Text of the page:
Submission in Response to the Youth Justice and Other Legislation Amendment Bill 2015: Submission No 013

Jodie O'Leary, Jann Taylor

Research output: Other contributionSubmission to governmentResearch

Abstract

On 1 December 2015, the Attorney-General and Minister for Justice and Minister for Training and Skills, the Hon Yvette D’Ath MP, introduced the Youth Justice and Other Legislation Amendment Bill 2015 into the Queensland Parliament. In accordance with Standing Order 131 of the Standing Rules and Orders of the Legislative Assembly, the Bill was referred to the Legal Affairs and Community Safety Committee (the committee) for detailed consideration.

Objectives of the Bill
The key objectives of the Bill are to –

Remove boot camp (vehicle offences) orders and boot camp orders from the range of sentencing options for children;
Prohibit the publication of identifying information about a child dealt with under the Youth Justice Act 1992 (the YJ Act);
Remove breach of bail as an offence for children;
Make childhood findings of guilt for which no conviction was recorded inadmissible in court when sentencing a person for an adult offence;
Reinstate the principle that a detention order should be imposed only as a last resort and for the shortest appropriate period when sentencing a child;
Reinstate the Childrens Court of Queensland’s (the CCQ’s) sentence review jurisdiction and expand the jurisdiction to include Magistrates’ decisions in relation to breaches of community based orders; and
Reinstate into the Penalties and Sentences Act 1992 (the PS Act) the principle that imprisonment is a sentence of last resort and a sentence that allows the offender to stay in the community is preferable.
The Bill achieves the objectives by implementing a series of amendments to the YJ Act and the PS Act.

These amendments will have the effect of substantially restoring affected provisions of both Acts to their position prior to enactment of the Youth Justice (Boot Camp Orders) Amendment Act 2013 (which introduced boot camp orders and the boot camp program) and the Youth Justice and Other Legislation Amendment Act 2014.
Original languageEnglish
TypeSubmission to the LACSC
Number of pages4
Publication statusPublished - 22 Jan 2016
Externally publishedYes

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justice
legislation
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bill
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jurisdiction
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imprisonment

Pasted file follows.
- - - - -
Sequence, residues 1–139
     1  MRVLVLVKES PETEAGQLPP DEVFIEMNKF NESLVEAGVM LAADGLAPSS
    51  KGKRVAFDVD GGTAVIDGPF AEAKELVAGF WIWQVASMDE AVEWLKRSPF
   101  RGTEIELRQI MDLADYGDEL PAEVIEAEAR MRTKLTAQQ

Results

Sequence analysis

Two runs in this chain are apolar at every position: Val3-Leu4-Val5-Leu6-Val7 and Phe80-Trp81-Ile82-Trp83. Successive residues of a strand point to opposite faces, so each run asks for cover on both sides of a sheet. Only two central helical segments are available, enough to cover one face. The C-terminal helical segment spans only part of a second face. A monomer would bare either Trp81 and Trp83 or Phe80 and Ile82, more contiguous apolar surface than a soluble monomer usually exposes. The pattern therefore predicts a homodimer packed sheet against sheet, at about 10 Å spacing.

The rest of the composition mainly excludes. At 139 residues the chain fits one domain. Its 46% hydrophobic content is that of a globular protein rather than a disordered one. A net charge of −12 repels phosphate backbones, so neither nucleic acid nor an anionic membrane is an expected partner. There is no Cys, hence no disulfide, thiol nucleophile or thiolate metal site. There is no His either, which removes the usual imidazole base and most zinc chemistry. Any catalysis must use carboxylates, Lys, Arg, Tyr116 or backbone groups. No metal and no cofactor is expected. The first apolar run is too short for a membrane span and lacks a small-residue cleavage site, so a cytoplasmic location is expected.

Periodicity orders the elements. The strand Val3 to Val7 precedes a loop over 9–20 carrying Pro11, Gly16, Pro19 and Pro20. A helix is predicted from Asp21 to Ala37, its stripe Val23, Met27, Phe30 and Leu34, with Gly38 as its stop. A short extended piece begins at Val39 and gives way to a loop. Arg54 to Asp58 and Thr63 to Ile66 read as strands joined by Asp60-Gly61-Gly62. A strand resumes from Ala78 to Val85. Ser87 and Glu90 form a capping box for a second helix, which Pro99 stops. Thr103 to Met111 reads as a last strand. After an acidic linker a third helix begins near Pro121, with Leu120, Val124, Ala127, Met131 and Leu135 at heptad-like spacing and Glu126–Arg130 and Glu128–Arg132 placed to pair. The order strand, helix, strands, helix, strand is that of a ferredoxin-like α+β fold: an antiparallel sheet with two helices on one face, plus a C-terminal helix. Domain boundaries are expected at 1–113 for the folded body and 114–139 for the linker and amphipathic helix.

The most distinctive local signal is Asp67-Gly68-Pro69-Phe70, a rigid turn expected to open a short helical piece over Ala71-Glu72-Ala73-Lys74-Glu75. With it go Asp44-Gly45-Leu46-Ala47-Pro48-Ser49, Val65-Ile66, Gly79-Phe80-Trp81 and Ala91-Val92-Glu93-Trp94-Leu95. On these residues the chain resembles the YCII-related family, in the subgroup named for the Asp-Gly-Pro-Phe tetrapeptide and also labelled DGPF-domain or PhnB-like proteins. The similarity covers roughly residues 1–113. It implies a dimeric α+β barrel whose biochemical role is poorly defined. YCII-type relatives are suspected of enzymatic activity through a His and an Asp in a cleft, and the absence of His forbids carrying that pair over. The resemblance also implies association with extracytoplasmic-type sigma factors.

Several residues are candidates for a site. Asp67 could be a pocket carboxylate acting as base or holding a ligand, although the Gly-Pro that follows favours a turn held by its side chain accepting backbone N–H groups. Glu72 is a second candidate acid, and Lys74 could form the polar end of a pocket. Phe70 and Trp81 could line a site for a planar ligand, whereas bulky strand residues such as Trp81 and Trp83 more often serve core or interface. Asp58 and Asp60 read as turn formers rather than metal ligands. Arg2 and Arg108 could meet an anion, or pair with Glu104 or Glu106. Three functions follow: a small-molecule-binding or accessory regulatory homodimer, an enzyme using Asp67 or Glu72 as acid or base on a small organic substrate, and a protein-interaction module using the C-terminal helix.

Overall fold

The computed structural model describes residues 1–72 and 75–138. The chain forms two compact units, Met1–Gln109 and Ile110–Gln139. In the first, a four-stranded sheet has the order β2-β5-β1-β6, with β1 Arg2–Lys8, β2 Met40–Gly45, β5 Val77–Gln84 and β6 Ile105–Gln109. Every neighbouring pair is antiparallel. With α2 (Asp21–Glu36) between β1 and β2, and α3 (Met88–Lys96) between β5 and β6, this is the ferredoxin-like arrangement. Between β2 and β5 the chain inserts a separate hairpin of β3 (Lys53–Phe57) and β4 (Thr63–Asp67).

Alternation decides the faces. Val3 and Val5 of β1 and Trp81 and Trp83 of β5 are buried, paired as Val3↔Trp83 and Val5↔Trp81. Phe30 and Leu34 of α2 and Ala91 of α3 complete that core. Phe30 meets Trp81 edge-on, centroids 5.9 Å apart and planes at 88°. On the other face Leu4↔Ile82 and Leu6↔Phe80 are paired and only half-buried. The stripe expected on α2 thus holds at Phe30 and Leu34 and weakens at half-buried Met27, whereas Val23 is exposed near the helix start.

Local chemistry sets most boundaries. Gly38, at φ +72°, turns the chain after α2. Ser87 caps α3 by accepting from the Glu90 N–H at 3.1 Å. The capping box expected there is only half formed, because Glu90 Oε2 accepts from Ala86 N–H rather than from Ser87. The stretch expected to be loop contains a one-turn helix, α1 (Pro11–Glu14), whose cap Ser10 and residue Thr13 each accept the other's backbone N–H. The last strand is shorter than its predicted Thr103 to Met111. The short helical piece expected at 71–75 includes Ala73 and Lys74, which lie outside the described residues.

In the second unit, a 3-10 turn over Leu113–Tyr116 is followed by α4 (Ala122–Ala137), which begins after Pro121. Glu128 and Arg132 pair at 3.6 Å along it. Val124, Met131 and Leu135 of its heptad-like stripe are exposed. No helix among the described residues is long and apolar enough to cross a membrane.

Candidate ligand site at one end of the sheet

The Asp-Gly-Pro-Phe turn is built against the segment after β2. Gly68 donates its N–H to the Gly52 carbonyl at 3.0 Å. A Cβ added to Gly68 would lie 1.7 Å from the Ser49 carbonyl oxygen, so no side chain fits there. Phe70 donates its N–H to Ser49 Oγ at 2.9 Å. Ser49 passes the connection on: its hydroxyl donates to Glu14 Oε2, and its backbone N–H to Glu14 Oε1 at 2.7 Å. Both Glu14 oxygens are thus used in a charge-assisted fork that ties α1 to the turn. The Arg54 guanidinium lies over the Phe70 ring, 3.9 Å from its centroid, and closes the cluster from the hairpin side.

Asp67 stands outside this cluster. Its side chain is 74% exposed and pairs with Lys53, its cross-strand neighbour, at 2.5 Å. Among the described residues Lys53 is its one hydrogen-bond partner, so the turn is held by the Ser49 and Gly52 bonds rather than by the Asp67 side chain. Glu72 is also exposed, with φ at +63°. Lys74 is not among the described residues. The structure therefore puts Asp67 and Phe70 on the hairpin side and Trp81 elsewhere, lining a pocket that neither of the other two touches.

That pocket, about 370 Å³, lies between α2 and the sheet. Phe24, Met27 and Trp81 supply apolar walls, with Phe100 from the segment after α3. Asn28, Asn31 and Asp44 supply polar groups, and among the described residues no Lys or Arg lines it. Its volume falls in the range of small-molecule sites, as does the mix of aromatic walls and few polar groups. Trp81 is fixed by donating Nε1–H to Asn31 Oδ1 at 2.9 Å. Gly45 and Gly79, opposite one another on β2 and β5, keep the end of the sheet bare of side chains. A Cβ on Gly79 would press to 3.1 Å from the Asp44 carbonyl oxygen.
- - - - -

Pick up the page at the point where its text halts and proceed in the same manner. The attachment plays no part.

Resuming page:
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Cite this

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title = "Submission in Response to the Youth Justice and Other Legislation Amendment Bill 2015: Submission No 013",
abstract = "On 1 December 2015, the Attorney-General and Minister for Justice and Minister for Training and Skills, the Hon Yvette D’Ath MP, introduced the Youth Justice and Other Legislation Amendment Bill 2015 into the Queensland Parliament. In accordance with Standing Order 131 of the Standing Rules and Orders of the Legislative Assembly, the Bill was referred to the Legal Affairs and Community Safety Committee (the committee) for detailed consideration.Objectives of the BillThe key objectives of the Bill are to –Remove boot camp (vehicle offences) orders and boot camp orders from the range of sentencing options for children;Prohibit the publication of identifying information about a child dealt with under the Youth Justice Act 1992 (the YJ Act);Remove breach of bail as an offence for children;Make childhood findings of guilt for which no conviction was recorded inadmissible in court when sentencing a person for an adult offence;Reinstate the principle that a detention order should be imposed only as a last resort and for the shortest appropriate period when sentencing a child;Reinstate the Childrens Court of Queensland’s (the CCQ’s) sentence review jurisdiction and expand the jurisdiction to include Magistrates’ decisions in relation to breaches of community based orders; andReinstate into the Penalties and Sentences Act 1992 (the PS Act) the principle that imprisonment is a sentence of last resort and a sentence that allows the offender to stay in the community is preferable.The Bill achieves the objectives by implementing a series of amendments to the YJ Act and the PS Act.These amendments will have the effect of substantially restoring affected provisions of both Acts to their position prior to enactment of the Youth Justice (Boot Camp Orders) Amendment Act 2013 (which introduced boot camp orders and the boot camp program) and the Youth Justice and Other Legislation Amendment Act 2014.",